Here's how the older generations stack up.
The M5 used to be the pinnacle performance variant of BMW's longstanding 5 Series. But in recent years, BMW has started offering faster variants that sit above the base M5. The 2022 BMW M5 CS, which stands for Competition Sport, is the latest addition to the M5 family. It sits above the standard M5 and M5 Competition as the fastest, lightest, and most powerful variant. The 4.4-liter twin-turbo V8 now produces 627 horsepower and 553 lb-ft of torque, yielding a blistering 2.9-second 0 to 60 mph time.
All of this performance doesn't come cheap, though, as the M5 CS starts at $142,000. In other words, it's $38,500 more than a base M5. For less than the price premium between the standard model and the CS, you could buy an entire used M5. There are now five previous M5 generations to choose from, and many of them are great value alternatives if you don't mind a used car.
The M5 is currently in its sixth generation, codenamed the F90, and since this car has been on the market since the 2018 model year, there are already affordable used models with certified pre-owned warranties. It's not like the standard F90 M5 is a slouch in terms of performance. The 4.4-liter twin-turbo V8 produces 600 hp sending power to a performance all-wheel-drive system through an eight-speed automatic transmission. With launch control, the car takes only 3.2 seconds to hit 60 mph and the car can even run as a rear-wheel-drive for burnouts and power slides.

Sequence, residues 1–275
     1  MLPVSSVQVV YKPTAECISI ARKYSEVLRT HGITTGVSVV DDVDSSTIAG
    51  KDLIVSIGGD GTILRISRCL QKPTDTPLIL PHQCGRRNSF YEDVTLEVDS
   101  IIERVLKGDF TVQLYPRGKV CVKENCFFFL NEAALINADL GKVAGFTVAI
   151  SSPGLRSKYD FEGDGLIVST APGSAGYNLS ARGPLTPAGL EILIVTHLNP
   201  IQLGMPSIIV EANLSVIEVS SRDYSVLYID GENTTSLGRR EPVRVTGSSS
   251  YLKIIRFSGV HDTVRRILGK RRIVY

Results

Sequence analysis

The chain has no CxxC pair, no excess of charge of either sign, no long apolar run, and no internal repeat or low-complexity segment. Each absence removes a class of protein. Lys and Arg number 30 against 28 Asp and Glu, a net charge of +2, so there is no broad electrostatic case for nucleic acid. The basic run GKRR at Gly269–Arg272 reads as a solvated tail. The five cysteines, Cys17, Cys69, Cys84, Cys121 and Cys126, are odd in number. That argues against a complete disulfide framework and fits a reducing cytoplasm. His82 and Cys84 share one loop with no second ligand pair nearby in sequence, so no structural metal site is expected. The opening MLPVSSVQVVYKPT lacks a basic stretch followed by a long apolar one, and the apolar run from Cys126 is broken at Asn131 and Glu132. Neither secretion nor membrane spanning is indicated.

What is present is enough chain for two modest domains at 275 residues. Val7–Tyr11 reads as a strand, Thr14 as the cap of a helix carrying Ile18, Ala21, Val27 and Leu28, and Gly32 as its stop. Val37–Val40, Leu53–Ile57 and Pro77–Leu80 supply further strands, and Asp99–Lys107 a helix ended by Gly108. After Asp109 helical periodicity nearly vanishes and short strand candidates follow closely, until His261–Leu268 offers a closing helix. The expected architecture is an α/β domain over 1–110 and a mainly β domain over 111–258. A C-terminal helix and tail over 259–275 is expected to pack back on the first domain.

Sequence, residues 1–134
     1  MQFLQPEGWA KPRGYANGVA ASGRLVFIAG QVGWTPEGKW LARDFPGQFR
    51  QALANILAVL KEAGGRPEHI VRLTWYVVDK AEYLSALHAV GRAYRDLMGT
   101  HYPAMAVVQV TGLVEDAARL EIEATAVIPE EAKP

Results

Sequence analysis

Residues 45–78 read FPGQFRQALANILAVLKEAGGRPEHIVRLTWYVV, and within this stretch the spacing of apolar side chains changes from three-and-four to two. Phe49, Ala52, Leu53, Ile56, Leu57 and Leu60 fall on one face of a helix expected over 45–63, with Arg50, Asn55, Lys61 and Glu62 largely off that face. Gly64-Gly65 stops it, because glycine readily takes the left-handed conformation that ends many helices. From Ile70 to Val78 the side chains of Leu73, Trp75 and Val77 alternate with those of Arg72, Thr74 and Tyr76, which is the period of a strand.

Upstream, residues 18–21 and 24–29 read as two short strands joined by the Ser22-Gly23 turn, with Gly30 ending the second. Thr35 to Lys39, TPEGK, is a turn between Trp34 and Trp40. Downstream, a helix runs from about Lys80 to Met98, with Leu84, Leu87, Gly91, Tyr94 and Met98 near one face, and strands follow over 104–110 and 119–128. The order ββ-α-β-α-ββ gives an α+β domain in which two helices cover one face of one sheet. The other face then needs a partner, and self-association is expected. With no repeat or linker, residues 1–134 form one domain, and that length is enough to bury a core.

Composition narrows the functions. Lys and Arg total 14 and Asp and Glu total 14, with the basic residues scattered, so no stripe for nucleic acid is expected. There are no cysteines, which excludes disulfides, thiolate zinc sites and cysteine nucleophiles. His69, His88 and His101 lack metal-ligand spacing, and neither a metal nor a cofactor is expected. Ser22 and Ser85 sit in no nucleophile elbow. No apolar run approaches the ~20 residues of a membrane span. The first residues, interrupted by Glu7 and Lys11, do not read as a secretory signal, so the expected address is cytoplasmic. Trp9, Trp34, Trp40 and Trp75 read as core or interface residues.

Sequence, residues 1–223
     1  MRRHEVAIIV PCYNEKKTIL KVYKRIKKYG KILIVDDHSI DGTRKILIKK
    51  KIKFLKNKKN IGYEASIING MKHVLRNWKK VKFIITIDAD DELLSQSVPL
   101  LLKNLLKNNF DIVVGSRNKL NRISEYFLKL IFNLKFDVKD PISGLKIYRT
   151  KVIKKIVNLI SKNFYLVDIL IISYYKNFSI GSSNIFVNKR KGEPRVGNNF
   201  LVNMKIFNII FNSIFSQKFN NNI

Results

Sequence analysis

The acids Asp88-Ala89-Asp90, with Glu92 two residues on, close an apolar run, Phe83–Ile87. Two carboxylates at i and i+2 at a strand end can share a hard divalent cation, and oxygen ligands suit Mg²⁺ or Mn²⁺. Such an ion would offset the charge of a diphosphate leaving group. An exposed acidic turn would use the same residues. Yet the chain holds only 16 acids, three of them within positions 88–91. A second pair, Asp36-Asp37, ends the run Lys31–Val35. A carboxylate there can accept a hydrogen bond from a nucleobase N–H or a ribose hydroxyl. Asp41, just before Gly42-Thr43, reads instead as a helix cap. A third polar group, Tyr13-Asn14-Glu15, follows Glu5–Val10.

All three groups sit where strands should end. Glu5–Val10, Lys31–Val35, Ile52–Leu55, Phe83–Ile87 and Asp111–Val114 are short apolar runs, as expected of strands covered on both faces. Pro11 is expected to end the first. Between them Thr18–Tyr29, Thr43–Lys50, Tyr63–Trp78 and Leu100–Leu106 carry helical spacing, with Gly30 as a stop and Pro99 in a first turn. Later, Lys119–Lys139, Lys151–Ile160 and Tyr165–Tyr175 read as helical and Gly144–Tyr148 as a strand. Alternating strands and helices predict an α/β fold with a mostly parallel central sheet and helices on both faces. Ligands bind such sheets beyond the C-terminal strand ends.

A brand-new 2021 M5 starts at $103,500 but used 2018 models can already be found starting at around $70,000. That's around half the price of an M5 CS for a car that's barely slower. For the best performance-per-dollar, a used F90 is possibly the best option.
Offered from 2013 to 2016, the F10 generation M5 is the last of the RWD breed. It uses a twin-turbo V8 that's broadly similar to the one in the current M5, producing 553 hp and 502 lb-ft of torque, 567 hp with the Competition Package, and 591 hp after a 2015 model year update. Even without AWD, this M5 is properly quick with a 0-60 mph time of just 3.7 seconds with the seven-speed dual-clutch transmission or 4.4 seconds with the rare six-speed manual option.
Prices for high-mileage F10 M5 examples are hilariously low, starting at under $30,000 and topping out around $65,000 (not counting special models). These cars have mostly aged out of their warranties but are a performance bargain for those willing to absorb the running costs and use it as a daily driver.
The E60 generation BMW M5, sold from 2006 to 2010, will go down in history as the most insane iteration of this legendary nameplate. Whereas other M5 models used inline-six or V8 engines, the E60 is the only one to pack a naturally aspirated V10 under the hood. This high-revving engine produces 500 hp and 384 lb-ft of torque with the best soundtrack to ever feature in an M5. The official 4.7-second 0-60 mph time doesn't sound impressive by today's standards, but it's still plenty fast, and many magazines clocked the car closer to 4.1 seconds.